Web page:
Walking in close to time to start, we selected seats that were empty hoping no one claimed them as their regular seats. We know church folks like their regular seats, and we were visitors. Worship began as we all stood for a song that signaled for the chatter of conversation to end. As our voices blended, I felt as if this was a congregation of people who loved to sing and seemingly loved the Lord. Worshipping with them was uplifting and I recall that the sermon was easy to listen to as well as to understand. At the end of the assembly one of the leaders made a few announcements, complimented the assembly on the singing and for being a friendly church, and mentioned there were guests that morning. He then encouraged everyone to take a moment after the prayer to greet those visiting. He closed with a prayer and dismissed the congregation. We stood in the area waiting for the couple on the pew with us to greet us and watching as others filed pass, gathering their friends while trying to beat other churches to the restaurants. After a moment of awkward silence, I took initiative and introduced us mentioning we were visiting from out of town. A look of relief came across their faces, they were also from out of town and were wondering why we were not introducing ourselves to guests. Then we all came to the realization of the irony that two groups of visitors had to greet each other because no member did.
Sadly, this is a scene that replays week after week in congregations of God’s people everywhere. We claim to be friendly and welcoming, but we don’t always follow through with our actions.
We can learn from Barnabas in Acts 4:36-37, “Thus Joseph, who was also called by the apostles Barnabas (which means son of encouragement), a Levite, a native of Cyprus, sold a field that belonged to him and brought the money and laid it at the apostles’ feet.”
How can we grow more like Barnabas? How can we better encourage one another?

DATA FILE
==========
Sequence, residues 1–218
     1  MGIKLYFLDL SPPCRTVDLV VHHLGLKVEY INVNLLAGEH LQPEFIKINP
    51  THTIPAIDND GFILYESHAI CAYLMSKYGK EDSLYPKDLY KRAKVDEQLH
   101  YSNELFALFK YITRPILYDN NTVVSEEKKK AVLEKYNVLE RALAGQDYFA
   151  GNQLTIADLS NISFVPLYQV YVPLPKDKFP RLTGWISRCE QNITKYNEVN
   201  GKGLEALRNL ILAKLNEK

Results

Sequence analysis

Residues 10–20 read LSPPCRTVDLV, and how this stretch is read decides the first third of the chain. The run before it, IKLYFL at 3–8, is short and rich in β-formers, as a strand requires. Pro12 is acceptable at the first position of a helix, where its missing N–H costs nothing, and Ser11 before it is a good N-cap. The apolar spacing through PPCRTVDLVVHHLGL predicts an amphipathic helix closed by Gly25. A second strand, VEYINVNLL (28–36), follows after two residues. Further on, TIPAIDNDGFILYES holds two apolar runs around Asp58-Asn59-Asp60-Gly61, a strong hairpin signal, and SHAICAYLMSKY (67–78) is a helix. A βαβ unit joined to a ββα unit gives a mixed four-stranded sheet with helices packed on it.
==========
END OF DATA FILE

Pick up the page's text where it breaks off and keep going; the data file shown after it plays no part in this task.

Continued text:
We can encourage by our example. Barnabas sold land brought profit. The statement, “Most people would rather see a sermon,” rings true. We need to live an active faith, so “that we may be mutually encouraged by each other’s faith” Rom 1:12
We can encourage with our presence by being there with each other and for each other. In Acts 11:25 Barnabas went to Tarsus to find Saul and encourage him to be a part of encouraging the church. Your presence with other Christians in fellowship is important, Heb 10:24-25.
How can I be more like Barnabas? How can I encourage others? Here are a few ideas.
Twenty Ideas for Being an Encourager
- Look for the lonely and reach out to them.
- Pay attention to the (small) details and acknowledge what others miss.
- Don’t miss the bashful and shy.
- Listen closely to what’s going on in people’s lives.
- Pray for opportunities to encourage.
- At times, encourage anonymously.
- Remember those who are usually behind the scenes.
- Put yourself in the place of others.
- See through Christ-like eyes.
- Find happiness in encouraging and joy in others enjoying encouragement.
- Consider encouragement a sacred duty.
- Do an act of service for an unsuspecting other.
- Be a meaningful and genuine giver of compliments free of selfish motives.
- Remember that encouragers are church growers.
- Don’t overlook the frustrated (young parents, teens, unemployed, and newly divorced).
- Mentally walk a mile in the potentially encouraged one’s shoes.
- Find exciting, unusual ways to make someone’s day.
- Appreciate the value of a handwritten note or card (especially in our virtual world).
- Reach out to the “marginalized” (new members, the poor, those who attend alone, the elderly, widows, widowers, etc.)
“Therefore encourage one another and build one another up, just as you are doing.” 1 Thessalonians 5:11.